It all begins with silence. Muted mouths. Passive pedestrians. Shrugging bystanders. An act of visual illiteracy is committed and nothing is said: A graffiti tag. A carelessly dropped bottle. A dog’s waste left unbagged. A sidewalk cracked into a tripping hazard. A broken streetlamp. A construction project that makes a sidewalk impassable for a year. A facade marred by numerous utility meters. A thoughtlessly designed and placed trash can. A planned development that is driven solely by money and ignores context.
While some of these issues may seem trivial, they accumulate into larger issues. This notion is largely regarded as the broken window theory. The theory postulates that if a broken window is left unrepaired, the perception of the area becomes unfavorable. People litter more. Graffiti increases. Maintenance gets further deferred. And the result, over time, becomes a blighted streetscape. Then, it costs much more to change that perception than the repair value of that first broken window.
Visual Illiteracy is a term to describe visual clutter in any environment. Often things such as signage, utilities, infrastructure are placed without thought to their impact upon the environment. A failure to look at the bigger picture is why this occurs. Often, visual illiteracy (VI) is not intended. VI is usually the result of accumulated matter over time and and placed regardless of specific need or context. And, as is often the case, those that are charged with the development and placement of such infrastructure have had no visual arts training.
VI was coined by the renowned American designer George Nelson. In his seminal book How To See, Nelson offers many examples of Visual Illiteracy from cluttered roadways to strange signage to poorly designed infrastructure. Even so, Nelson does show beautiful examples of urban infrastructure such as manholes, lamp posts, high voltage towers, etc. Often, these works are created by well-trained artisans and engineers.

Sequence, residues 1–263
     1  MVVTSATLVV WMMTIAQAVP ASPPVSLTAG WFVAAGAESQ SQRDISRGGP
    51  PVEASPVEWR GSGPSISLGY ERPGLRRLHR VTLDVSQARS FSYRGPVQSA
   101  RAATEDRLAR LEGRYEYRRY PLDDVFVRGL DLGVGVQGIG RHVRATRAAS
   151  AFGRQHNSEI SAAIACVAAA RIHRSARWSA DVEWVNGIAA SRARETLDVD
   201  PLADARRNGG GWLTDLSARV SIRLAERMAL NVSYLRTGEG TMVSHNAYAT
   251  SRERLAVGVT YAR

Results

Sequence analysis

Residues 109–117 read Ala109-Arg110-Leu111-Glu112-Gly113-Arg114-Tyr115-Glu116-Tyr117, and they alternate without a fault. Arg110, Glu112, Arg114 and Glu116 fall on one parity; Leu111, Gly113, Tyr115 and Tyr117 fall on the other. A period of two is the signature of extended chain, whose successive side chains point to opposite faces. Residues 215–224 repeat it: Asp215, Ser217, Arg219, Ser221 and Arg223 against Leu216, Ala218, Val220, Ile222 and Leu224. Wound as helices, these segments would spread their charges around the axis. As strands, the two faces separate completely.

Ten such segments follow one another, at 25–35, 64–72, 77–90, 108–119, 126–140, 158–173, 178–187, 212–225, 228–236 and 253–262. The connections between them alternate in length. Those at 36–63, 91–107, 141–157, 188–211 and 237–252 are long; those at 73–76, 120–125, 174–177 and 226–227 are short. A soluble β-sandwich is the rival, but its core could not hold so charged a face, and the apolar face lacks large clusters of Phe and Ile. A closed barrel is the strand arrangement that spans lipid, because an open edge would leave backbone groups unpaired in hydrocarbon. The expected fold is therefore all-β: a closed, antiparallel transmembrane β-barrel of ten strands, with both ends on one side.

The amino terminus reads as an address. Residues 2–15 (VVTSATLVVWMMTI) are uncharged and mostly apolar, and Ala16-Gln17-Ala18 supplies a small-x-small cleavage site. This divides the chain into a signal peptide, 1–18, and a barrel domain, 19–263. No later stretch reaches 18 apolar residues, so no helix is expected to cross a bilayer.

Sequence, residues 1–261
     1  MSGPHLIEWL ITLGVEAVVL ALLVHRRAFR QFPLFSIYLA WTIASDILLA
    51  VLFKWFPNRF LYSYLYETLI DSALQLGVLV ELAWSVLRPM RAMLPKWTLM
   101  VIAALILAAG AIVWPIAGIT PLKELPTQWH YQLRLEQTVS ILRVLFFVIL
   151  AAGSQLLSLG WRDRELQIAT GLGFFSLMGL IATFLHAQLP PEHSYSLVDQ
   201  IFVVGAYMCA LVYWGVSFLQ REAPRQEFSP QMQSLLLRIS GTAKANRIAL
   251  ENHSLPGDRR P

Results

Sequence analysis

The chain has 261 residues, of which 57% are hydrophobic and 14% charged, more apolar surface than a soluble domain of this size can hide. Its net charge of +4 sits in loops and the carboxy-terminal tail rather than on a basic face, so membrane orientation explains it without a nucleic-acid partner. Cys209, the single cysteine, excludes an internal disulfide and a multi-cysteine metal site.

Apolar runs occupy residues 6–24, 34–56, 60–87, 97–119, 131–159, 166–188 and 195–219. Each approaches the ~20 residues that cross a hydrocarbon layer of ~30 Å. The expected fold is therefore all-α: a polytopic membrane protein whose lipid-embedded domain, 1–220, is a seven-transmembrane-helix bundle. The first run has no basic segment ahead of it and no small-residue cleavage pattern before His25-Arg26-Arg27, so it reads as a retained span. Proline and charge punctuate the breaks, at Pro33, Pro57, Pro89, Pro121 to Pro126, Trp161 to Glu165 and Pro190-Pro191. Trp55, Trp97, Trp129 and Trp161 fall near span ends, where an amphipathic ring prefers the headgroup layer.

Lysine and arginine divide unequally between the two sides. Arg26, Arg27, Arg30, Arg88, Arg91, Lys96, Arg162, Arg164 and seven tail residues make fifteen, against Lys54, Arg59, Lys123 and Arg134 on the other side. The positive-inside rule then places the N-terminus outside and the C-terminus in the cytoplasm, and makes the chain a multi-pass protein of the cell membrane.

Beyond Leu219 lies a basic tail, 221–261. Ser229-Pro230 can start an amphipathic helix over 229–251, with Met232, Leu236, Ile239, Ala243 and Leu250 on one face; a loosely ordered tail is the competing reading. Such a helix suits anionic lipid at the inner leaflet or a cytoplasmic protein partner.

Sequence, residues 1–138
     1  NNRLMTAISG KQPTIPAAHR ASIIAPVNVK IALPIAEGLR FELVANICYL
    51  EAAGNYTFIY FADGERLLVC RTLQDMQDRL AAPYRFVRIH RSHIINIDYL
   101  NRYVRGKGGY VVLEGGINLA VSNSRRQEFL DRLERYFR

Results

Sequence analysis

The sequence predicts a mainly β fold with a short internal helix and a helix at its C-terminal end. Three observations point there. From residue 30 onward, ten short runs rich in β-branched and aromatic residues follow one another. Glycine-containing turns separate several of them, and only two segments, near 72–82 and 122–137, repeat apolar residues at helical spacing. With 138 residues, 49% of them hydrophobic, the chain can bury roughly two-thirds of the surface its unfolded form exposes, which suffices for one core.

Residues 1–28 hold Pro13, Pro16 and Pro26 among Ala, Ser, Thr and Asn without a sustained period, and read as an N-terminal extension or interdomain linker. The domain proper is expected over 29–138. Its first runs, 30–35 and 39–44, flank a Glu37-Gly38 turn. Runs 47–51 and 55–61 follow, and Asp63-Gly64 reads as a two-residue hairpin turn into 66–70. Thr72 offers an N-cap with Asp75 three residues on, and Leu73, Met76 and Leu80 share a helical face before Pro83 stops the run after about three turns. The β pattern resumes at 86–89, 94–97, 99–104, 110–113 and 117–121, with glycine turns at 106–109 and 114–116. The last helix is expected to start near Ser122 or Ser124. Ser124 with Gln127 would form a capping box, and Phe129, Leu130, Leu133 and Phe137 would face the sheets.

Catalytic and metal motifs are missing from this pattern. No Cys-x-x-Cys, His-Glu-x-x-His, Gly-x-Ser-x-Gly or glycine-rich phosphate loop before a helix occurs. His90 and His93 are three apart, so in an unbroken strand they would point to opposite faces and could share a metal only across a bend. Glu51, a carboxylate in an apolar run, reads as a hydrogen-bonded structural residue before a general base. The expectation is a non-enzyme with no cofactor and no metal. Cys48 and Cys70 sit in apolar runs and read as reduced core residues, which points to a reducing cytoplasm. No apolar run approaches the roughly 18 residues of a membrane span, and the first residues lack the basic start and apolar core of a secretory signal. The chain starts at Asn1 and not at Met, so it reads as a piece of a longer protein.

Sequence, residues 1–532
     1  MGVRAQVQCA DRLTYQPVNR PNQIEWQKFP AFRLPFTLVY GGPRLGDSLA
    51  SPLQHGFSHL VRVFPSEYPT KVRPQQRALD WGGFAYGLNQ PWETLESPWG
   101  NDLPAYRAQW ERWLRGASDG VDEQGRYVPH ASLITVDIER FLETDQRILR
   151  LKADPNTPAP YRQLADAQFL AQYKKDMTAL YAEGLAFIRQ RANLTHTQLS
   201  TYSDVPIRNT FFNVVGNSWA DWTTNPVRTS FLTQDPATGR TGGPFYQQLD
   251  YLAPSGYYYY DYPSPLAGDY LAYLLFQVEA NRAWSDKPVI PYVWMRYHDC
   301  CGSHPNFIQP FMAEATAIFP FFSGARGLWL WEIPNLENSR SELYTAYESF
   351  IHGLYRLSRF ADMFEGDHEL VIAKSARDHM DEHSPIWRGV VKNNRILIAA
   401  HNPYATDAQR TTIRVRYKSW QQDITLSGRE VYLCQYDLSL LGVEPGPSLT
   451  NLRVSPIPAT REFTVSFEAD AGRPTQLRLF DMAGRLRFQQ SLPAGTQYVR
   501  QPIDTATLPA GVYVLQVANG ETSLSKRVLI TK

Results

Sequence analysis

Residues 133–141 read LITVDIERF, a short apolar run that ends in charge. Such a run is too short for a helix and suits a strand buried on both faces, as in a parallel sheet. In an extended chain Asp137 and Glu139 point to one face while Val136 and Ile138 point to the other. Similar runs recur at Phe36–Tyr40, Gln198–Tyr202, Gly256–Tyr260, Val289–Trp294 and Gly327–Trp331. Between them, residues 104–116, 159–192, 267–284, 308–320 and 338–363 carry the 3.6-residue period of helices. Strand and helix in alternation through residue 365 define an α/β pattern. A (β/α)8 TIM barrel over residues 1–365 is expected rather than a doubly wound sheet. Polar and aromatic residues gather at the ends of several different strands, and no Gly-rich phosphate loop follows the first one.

Visual arts education is often not a high-priority subject studied in primary school. Yet, the psychological impact of a poorly designed or maintained environment stunts growth. If one lives/works in a nondynamic, ugly, ill-suited environment they become anesthetized to their setting. Advancement becomes perceptually out-of-reach. Creativity becomes limited. Alternatively, an understanding of visual arts reveals potential. Once the framework that visual literacy operates within is understood, methods of perception clarify decision making. Plans fall into place. Constituents are accommodated. The future becomes closer.
This blog will address episodes of both Visual Illiteracy and Literacy through written and visual means. We will dive into America’s love of pragmatism and dissect its impact on our environment. We will view instances where the plan looks better than real life implementation. Also, we will show examples of Yes is More (coined by Bjarke Ingels) thinking which attempts to accommodate pluralism often resulting in something entirely new. This process can be regarded as a new form of Visual Literacy as it simultaneously embraces a multi-faceted context (people, site, program.) Lastly, we ask you to send your examples of these conditions to us so we can post them on your behalf.